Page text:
Clients from hell: how to deal with them

Clients from hell: how to spot them?

Clients from hell: how to deal with them

Clients from hell are a reality, but a reality that can be bended, with the right attitude and the tips I’m going to share with you today.

So cool down, don’t send that nasty email: you’re on your way to the solution.

Clients from hell are a reality but not a fatality

Hi, I’m your host Kaycinho, I’m a digital alchemist and as you may now, I’ve been successfully freelancing for a few years. But as with anything, there is a learning curve and when it comes to clients from hell, I’ve had my share of nasty stories from the pit of fire and it took trial and error to understand why this was happening and how I could minimize the risks.

Clients from hell: why are they a reality in the first place?

Clients from hell: a reality but not a fatality

In order to understand what is going on, we first need to understand why clients from hell surface in our professional life.

1. You are desperate for money and will accept just any gig

When starting out, many freelancers are so desperate for money, that they will take just any gig. For example, I’ve seen a graphic designer selling SEO services while he didn’t know anything about SEO except that it meant Search Engine Optimization. And he accepted just because his first client was pushy and he was scared to loose the gig.

So he said yes when he really didn’t mean it, and had to take 101 online courses about SEO to learn SEO on the fly, which didn’t work out too well in the long run. On top of that he also accepted to create the website when he had very limited experience with creating websites.

So the end result was that because he had to learn so much on the fly, he rapidly had too much on his plate, did not deliver good quality work, and that made his client that was already showing signs of a client from hell, more and more nervous, until all demons were unleashed.

So my advice is this: know what you are good for, and until you’ve mastered others skills, only sell the skills you are great at. If a client wants other services, you can partner with other professionals.

It will be a win-win-win situation: your client will be (well should be) thankful for it, you will have less on your plate, and thus a better quality and more profitable gig, and your fellow colleague will be happy to get work from you, and who knows, you may get some in return.

2. Your pricing is too low

Another mistake many new freelancers make is too price their service too low.

They think that this is the only way they can compete on the market as freshmen, but let me tell you this: having a very low pricing is the best way to attract clients from hell. This is not a universal truth, because you will also find clients from hell that are willing to pay the price, but in my experience, many of the clients from hell I initially dealt with were cheap price hunters.

So if you’re just starting out, or living in a place where you think you can’t put a high price on your services, you need to change your mentality, and instead of competing on price, start competing on value.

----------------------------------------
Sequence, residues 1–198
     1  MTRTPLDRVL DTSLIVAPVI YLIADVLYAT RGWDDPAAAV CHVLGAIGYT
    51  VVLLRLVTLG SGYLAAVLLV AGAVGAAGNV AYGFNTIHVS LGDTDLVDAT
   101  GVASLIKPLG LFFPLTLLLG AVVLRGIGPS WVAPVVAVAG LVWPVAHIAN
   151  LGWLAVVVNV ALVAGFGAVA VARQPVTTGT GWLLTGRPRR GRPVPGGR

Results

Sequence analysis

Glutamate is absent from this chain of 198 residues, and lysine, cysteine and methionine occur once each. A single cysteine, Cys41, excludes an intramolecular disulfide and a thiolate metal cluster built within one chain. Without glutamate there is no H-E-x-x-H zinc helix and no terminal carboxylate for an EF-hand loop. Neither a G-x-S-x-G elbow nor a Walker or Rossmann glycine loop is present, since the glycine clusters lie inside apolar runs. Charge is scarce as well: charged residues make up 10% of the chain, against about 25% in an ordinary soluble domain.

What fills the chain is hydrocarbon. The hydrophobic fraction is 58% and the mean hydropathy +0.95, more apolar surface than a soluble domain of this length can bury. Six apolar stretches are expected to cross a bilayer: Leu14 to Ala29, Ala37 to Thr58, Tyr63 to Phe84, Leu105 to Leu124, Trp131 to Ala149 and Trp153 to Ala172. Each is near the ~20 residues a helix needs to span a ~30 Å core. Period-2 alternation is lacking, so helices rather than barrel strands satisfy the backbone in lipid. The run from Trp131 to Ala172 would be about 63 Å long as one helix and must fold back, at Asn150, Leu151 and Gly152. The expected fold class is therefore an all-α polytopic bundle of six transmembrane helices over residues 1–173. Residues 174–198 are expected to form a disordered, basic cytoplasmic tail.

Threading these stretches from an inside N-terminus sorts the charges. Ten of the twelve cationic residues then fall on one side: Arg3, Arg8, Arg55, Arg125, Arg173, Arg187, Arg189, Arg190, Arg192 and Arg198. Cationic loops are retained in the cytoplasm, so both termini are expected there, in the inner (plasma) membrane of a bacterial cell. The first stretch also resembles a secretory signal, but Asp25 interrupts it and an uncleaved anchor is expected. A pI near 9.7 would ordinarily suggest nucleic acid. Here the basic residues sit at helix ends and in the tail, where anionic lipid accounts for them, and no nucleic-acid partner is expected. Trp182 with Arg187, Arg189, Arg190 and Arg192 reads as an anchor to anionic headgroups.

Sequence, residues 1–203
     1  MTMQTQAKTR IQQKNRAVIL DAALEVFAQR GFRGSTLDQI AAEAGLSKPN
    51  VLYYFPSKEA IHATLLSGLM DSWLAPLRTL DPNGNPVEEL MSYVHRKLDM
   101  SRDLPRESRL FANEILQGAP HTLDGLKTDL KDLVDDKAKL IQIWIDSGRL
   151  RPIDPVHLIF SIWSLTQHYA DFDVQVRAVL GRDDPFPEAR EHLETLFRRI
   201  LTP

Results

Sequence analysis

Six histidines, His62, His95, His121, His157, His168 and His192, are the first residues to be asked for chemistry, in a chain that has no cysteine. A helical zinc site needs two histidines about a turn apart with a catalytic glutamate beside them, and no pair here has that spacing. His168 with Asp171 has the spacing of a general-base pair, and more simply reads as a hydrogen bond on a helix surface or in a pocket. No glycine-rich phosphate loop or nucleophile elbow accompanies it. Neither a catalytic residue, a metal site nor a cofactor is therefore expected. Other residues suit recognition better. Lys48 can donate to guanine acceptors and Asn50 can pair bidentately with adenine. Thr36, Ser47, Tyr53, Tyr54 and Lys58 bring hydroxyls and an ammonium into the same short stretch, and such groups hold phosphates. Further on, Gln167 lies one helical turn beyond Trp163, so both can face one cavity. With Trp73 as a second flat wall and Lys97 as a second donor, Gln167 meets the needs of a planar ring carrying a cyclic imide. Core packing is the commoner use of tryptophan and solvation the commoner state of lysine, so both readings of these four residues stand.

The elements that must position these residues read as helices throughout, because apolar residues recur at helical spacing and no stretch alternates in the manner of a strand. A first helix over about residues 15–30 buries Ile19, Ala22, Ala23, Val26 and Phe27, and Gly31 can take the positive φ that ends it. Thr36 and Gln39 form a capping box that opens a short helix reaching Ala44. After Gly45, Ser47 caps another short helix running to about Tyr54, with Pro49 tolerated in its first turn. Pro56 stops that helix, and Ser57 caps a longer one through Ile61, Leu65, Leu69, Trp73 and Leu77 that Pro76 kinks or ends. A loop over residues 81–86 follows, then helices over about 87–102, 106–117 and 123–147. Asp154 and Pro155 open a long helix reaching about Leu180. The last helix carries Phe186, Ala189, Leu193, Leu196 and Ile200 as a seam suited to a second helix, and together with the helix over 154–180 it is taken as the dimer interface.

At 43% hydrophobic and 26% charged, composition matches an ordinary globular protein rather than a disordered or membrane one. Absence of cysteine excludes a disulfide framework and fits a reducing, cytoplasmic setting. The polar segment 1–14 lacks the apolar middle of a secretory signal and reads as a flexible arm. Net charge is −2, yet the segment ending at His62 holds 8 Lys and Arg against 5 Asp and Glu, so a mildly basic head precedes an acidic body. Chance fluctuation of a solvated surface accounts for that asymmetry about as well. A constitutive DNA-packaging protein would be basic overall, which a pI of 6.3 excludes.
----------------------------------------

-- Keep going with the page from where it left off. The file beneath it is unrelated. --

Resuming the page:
This will have the added benefit to attract clients that are sensitive to value instead of price.

That mechanism is the same mechanism that explains why some people prefer to purchase more expensive products while they could have cheaper ones with similar features. Because they value quality more than they value price. And while high prices do not always mean high quality, very cheap prices are often an indicator of the value you’re going to get.

3. You underestimate yourself and subconsciously attract what you project

If you are just starting out, you may suffer, like the majority of the people, of the Impostor Syndrome, which is a psychological pattern in which an individual doubts their accomplishments and fear being exposed as a fraud.

And the consequence, is that, to lower that fear, and feel less as a fraud, unconsciously you may be hoping to get clients with low level standards, so that even if you don’t deliver, you won’t be labeled as a fraud.

Now, there is a mechanism known as the law of attraction, and unfortunately, it’s been used by so many fake gurus, that it has kind of lost its true meaning, but what I mean by that is that, it’s not magical, but just a simple mechanism in which, what you subconsciously release into the world ends up materializing in one way or another.

So for example, if you think that you are just an average web designer, you don’t believe you have what it takes to deliver good work for big clients, so subconsciously, you are not willing to be in touch with such clients and instead would prefer to deal with clients that have lower requirements. And the way I understand how the law of attraction works is that with these concepts in your subconscious mind, you will position yourself to attract just those types of clients and will make sure that big dogs don’t come near you anytime soon.

My advice is to start observing how you think, how you talk about yourself, and once you’ve done that, look at what you’ve already achieved and are proud of.

And start building on that, so that when doubt comes, you can use conscious examples to counter-attack the Imposter Syndrome and lower the chances of attracting clients from hell.

4. Occasional bad luck

Now, sometimes, you do everything right: you sell only the services for the skills you have, you compete on value and not on price, you have self-confidence, but you still attract some clients from hell.

Now why is that?

Well, just like sometimes you have a bad day, sometimes you will attract some clients from hell even if you did things by the book.

But just like tomorrow is another day, you will either spot them in time or have to stop the professional relationship in the best and most professional manner.

Clients from hell: how to spot them?

Clients from hell: how to spot them?

1. They will start their briefing with red flags such as…

I could do this myself, I’ve done it a ton of times, but just can’t deal with it right now

I remember once, a potential client told me he’d already built a thousand websites, but just didn’t have the time. Of course I didn’t believe him, and that was confirmed when I asked him if he was using WordPress or a specific CMS and he replied “Yeah I know how to use Word, Excel and so on…“.